Ed Miliband was looking chipper as he addressed the annual press gallery lunch in the Commons yesterday. He obviously feels that his last exchange with David Cameron across the floor before MPs begin their summer break proved that he can hold his own in that bear pit. As he half admitted, that means very little outside the Westminster village but is good for the morale of his Labour MPs.
He came to the meal armed with some good jokes, two of which referred to his days as Gordon Brown's special adviser. "The thing you'll be pleased to hear," he said, "is that like all politicians, I don't bear grudges. I learnt that from Gordon."
Miliband also mentioned his recent meeting with the Burmese leader Aung San Suu Kyi, at which they talked about living for years under a brutal dictatorship "oppressed night and day" – until she said: "That's enough about Gordon."
Recalling the time when someone in his office tweeted in his name about the death of Bob Holness, paying tribute to the presenter as the host of "Blackbusters" rather than Blockbusters, he said: "I deeply regret the Bob Holness 'Blackbusters' episode, I am, though, very relieved he never presented Treasure Hunt."
He also risked offending the Murdoch journalists in the room with another gag: "There are no hard feelings between me and News International. They want me to lose the next election. I want them to go to jail."
Mining a rich seam of Labour history
One of the great events in the trades union calendar used to be the Durham Miners' Gala, back in the days when almost every village in that county was a pit village. In Victorian times, it drew such glittering speakers as the Russian anarchist Prince Pyotr Kropotkin, making his first public appearance after escaping from St Petersburg's Peter and Paul Fortress in the 1870s. But the Labour leader Neil Kinnock gave it a miss in the 1987 election year, and the gala has struggled to draw big-name speakers since. Tomorrow, however, Mr Miliband will speak – the first Labour leader do so in 25 years. Dave Hopper, who heads what remains of the Durham miners' union, told the Sunderland Echo Miliband could pull in an extra 20,000 punters, giving the event its biggest turnout for many years.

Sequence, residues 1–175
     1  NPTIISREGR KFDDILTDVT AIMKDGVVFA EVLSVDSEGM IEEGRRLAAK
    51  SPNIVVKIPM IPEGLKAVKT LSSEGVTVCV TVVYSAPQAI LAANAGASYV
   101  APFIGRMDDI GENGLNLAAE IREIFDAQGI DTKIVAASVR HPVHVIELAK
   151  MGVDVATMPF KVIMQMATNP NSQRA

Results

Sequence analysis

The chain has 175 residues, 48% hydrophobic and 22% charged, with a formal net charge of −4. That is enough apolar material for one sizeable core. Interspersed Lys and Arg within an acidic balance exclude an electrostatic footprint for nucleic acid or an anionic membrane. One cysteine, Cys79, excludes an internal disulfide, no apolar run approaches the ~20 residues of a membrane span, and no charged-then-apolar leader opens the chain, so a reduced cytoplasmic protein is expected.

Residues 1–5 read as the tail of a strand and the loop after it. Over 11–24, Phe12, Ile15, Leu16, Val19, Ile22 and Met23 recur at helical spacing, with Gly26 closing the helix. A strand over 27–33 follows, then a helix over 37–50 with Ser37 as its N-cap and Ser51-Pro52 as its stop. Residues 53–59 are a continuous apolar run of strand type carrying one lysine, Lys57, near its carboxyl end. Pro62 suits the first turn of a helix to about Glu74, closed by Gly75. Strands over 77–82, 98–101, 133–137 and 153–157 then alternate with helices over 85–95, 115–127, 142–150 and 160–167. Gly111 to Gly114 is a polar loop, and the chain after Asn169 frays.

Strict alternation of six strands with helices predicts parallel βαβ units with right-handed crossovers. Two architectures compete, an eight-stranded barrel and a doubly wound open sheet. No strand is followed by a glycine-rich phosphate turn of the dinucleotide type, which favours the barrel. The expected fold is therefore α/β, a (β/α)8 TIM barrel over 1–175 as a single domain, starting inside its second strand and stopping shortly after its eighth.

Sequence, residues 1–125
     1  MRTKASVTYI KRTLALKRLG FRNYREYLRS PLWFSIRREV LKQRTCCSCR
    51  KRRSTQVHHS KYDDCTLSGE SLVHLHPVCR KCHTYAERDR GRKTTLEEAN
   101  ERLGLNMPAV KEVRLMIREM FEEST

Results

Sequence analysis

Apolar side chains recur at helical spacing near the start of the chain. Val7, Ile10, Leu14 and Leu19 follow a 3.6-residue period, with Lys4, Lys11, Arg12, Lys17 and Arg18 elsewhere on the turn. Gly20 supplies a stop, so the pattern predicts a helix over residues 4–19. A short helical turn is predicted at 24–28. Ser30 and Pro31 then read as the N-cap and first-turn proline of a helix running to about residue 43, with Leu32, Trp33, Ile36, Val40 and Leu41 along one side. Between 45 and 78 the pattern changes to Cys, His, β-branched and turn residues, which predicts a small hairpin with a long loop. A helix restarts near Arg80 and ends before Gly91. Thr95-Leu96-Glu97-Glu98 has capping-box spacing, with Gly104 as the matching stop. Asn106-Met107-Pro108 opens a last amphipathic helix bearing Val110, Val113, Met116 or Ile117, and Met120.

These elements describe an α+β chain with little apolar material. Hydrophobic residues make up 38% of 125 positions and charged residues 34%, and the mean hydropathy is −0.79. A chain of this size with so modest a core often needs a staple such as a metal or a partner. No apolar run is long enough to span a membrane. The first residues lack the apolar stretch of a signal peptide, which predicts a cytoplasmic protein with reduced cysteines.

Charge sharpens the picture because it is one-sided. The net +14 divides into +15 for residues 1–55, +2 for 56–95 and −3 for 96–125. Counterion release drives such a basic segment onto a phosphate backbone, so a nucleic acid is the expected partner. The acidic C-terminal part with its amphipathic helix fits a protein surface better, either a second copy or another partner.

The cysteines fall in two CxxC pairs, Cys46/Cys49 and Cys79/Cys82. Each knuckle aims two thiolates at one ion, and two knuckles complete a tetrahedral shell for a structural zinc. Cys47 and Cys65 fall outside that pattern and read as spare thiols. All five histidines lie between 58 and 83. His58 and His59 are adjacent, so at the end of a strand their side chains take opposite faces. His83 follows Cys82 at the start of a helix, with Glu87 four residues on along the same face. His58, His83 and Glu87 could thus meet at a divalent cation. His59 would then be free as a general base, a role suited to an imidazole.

March them to the top of The Shard...
A sight worth seeing in September will be the Duke of York leading 40 volunteers abseiling down the side of Europe's tallest building – The Shard at London Bridge. Among those joining him will be Ffion Hague, wife of the Foreign Secretary. Money raised will go to the Outward Bound Trust and the Royal Marines Charitable Trust.
Clegg's cold steel city
Sheffield, which counts Nick Clegg among its MPs, has lost a Liberal Democrat city councillor. Clive Skelton, who used to be the party's chief whip on the authority, said he spent "four or five sleepless nights" before deciding to jump ship to Labour. "When I joined, the [Lib Dems were] left-of-centre," he explained. "I just felt uncomfortable now the party isn't in that place anymore."
Pensioner bitches about Boles
Joan Collins is displeased that wealthy pensioners will lose their winter fuel payments and other state-funded perks if David Cameron's old sidekick Nick Boles gets his way. "Shocked that a Tory MP wants to strip pensioners of various benefits," she tweeted. "They earned it, Nick – back off!" She may not look it but Collins turns 80 in May and will soon be eligible for higher-rate winter fuel payments. Whether she needs help making ends meet is not a question I am qualified to address.Reuse content